Representing some 40% of the Latin American pharma market in value and consumer figures, Brazil is a natural hub for production—although
currently exports are dwarfed by imports to the tune of over US$5 billion per year, a deficit that is growing fast and will
only grow along with Brazilian's needs for more complex treatments manufactured abroad. With a strict regulatory body in ANVISA,
manufactured products provide a regional regulation reference, which can help ease location decisions.
Rosa Maria Scavarelli, president, Theraskin
However, the country has yet to develop a strong domestic API production level, and many say it has already missed the boat.
However, others claim that internationalization, rather than exportation and raw imports and exports, should be the concern.
Mussolini breaks it down. "Looking at other countries in the world—U.S., Canada, most of Europe, etc.—it's normal for a negative
pharmaceutical trade balance," he says. Mussolini, addressing the state of API exports, notes, "It's different in China, India,
and Ireland. It's natural to import more pharmachemical products than you export, because you need capacity and economies
of scale," he continues, while discounting the notion that this is necessary in order to compete. "We don't have markets for
it in Brazil. We need to produce and export products here for Latin America, Asia, and Africa. These are our markets and it's
foolish to believe otherwise. Africa is an easier and more comfortable market for Brazil, where among other advantages, in
countries like Angola and Mozambique, we speak the same language."
Heraldo Marchezini, senior vp, Sanofi Latin America, and general manager, Sanofi Brazil
Indeed, it's put succinctly by Alexander Triebnigg the head of Novartis Brazil, the country's third-largest healthcare company,
and the largest global research-based pharmaceutical company, which has been in Brazil since 1937, and may have gained an
institutional insight or two into the local psychology: "As a general rule, it is not easy for Brazilians to leave their country,
but it is a key step in the development of a global perspective and a global career, and also of coming back into a leadership
position." Triebnigg encourages his colleagues "to think about Switzerland, a small country, yet, with Roche and Novartis,
home to two of the world's largest pharmaceutical companies." Triebnigg explains this unlikely occurrence: "Novartis and Roche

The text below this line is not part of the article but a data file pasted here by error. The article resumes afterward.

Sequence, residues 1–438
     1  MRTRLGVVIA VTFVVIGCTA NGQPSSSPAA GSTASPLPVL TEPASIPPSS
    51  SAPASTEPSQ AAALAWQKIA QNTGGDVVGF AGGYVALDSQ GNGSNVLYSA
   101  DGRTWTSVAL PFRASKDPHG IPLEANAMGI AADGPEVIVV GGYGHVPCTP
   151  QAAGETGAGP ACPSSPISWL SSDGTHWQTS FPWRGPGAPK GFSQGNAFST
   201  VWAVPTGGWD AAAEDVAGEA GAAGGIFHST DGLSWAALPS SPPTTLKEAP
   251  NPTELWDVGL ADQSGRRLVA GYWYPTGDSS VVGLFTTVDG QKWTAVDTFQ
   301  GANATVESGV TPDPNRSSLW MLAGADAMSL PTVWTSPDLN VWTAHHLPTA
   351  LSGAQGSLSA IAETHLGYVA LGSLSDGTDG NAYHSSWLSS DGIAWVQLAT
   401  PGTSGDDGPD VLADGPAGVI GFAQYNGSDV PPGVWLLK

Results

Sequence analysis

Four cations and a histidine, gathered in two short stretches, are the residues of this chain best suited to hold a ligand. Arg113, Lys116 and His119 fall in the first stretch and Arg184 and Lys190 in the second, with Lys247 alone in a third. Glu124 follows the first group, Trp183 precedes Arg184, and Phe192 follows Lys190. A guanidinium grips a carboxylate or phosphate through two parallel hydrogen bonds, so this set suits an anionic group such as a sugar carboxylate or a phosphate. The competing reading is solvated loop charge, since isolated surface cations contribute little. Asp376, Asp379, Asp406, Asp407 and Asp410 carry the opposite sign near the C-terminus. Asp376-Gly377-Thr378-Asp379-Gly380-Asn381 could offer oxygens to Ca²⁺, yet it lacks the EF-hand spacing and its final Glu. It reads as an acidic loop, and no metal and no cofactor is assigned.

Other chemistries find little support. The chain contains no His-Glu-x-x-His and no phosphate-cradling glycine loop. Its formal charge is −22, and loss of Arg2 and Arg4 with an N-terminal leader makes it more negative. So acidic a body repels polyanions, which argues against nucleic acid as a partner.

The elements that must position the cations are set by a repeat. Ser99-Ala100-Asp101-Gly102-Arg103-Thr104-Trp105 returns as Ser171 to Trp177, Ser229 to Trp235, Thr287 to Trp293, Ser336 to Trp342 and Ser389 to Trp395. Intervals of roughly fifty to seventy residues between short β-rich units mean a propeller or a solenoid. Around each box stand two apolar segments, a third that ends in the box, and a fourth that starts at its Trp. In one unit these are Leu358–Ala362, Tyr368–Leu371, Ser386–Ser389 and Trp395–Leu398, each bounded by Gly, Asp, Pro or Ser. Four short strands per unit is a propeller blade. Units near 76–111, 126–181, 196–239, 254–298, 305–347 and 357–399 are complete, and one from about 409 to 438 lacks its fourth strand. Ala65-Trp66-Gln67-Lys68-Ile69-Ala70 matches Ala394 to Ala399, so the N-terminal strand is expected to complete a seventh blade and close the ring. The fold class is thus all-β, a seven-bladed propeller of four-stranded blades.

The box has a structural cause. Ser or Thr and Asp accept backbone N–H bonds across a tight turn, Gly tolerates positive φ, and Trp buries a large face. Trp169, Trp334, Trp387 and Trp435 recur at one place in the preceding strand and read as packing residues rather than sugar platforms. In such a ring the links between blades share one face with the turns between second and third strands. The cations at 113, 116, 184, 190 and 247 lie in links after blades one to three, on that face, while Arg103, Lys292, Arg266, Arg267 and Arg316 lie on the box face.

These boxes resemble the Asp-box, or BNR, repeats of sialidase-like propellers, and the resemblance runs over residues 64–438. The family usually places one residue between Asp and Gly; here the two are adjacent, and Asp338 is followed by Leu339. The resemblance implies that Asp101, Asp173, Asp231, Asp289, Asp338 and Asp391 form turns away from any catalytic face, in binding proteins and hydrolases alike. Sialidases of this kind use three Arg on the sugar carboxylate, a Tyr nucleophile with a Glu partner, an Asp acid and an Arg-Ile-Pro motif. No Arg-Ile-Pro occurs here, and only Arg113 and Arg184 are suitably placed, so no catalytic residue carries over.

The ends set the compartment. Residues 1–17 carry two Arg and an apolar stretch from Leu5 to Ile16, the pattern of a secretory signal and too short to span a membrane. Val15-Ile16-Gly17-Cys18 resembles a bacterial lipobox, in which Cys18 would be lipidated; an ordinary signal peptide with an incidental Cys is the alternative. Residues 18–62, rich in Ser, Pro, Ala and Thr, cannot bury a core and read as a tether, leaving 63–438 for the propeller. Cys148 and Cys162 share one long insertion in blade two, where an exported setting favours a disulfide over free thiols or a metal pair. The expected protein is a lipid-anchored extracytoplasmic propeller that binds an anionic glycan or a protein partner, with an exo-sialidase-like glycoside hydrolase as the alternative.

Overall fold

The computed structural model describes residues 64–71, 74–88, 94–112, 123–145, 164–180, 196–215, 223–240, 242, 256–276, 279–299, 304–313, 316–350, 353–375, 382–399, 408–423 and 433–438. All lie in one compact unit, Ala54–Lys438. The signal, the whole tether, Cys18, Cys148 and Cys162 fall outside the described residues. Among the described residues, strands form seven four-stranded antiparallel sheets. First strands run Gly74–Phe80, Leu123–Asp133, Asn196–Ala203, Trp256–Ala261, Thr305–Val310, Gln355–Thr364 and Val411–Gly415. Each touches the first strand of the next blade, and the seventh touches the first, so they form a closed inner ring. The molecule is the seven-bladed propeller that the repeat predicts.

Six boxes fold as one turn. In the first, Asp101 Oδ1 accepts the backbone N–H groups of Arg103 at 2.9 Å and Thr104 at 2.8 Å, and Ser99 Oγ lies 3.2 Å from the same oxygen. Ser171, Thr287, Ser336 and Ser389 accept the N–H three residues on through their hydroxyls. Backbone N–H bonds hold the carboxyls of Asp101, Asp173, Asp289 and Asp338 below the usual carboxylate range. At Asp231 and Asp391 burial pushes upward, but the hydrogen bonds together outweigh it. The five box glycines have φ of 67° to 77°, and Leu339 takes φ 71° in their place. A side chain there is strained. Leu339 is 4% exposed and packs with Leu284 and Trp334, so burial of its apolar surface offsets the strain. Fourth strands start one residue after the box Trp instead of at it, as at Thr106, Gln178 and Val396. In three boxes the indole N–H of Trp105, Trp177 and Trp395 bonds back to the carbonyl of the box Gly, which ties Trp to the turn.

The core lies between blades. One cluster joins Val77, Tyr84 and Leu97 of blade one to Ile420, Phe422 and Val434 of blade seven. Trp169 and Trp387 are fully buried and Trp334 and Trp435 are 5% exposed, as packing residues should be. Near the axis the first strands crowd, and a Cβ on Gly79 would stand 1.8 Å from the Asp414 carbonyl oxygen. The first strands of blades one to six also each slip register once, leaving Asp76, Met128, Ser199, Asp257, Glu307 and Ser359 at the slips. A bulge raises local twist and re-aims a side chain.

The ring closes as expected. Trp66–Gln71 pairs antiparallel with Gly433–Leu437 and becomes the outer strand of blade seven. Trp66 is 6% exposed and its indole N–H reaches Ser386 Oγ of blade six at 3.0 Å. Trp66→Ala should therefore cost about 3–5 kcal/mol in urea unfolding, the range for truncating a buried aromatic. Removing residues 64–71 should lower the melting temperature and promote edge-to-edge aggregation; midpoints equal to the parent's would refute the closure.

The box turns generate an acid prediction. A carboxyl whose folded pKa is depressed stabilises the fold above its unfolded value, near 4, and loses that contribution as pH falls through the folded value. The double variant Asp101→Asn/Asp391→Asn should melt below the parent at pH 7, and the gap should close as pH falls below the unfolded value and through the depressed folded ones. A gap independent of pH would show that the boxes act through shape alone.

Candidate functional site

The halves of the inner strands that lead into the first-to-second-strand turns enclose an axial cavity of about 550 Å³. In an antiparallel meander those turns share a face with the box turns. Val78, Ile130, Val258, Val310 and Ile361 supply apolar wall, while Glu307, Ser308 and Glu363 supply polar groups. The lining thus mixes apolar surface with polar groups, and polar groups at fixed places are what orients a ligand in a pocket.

do not define themselves as local but [rather] global companies. So the path to a sustainable future for leading Brazilian
companies in such an exciting and fast-growing domestic market is to ask: Where else can I go? Where else can I grow and invest
the money I have earned here?"
This shift requires what Ogari Pacheco, president and founder of Cristália, might rightly call "radical innovation." As an
international defender of radical innovation at the local level, he responds to the difficulty of thinking outside the box
in Brazil. "Let's suppose that the four of us are representatives from multinational companies, and outside the door there
are many small companies present in the market. If we all agree the idea that radical innovations are extremely difficult
to produce, that it takes many years and around US$800 million to US$1 billion to create a new molecule, then very few of
them will have the courage to do it. So it will be only the four of us, because we have the capacity and money to invest,
who will go on this road of radical innovation. For this reason, most of the small companies do not even try to create innovations.
But sometimes, an exception can occur with a company like Cristália—which innovations without spending US$800 million for
a new molecule. This metaphor that I am using is not the absolute truth; it is my personal truth as the founder of Cristália."
Jose Bastos, president, MSD Brazil
Pacheco has also been courted internationally, and wryly observes, "I have decided that I should stop having so many dinners;
otherwise I will never manage to stay fit." Jokes aside, however, Pacheco says "Cristália is the beautiful girl on the market
at this moment, which every young man wants to have. Besides being a beautiful girl, Cristália is also a serious, responsible
family girl—so not every young man can have her. Therefore I will pay a lot of attention to whom I will give her to, if she
ever leaves the family."
Still firmly in the family is Theraskin, purveyor of high aggregate value products, which target the Class A and B, and bold
plans to bring its dermatological expertise outside of Brazil, throughout Latin America and overseas. "Our R&D has developed,
and we plan to develop even more, bringing more innovation either with what we do here ourselves, or through alliances and
partnerships with German, French, and American companies," says president Rosa Maria Scavarelli. "We have capacity, and we
plan to expand this even more. If a company wants to be in this market, and needs the profile Theraskin has—not necessarily
products with big volume, but ones with high degrees of innovation—we are the ones."
Scavarelli, whose father, Basílio Scavarelli, the founder of the company, is 101 years old, gives perspective to these potential
partners: "He began in the pharmaceutical industry in 1930, and is still alive, in the office every day, and making plans
for the next 20 years! Our history is the best proof of what we are—so Theraskin is here to stay."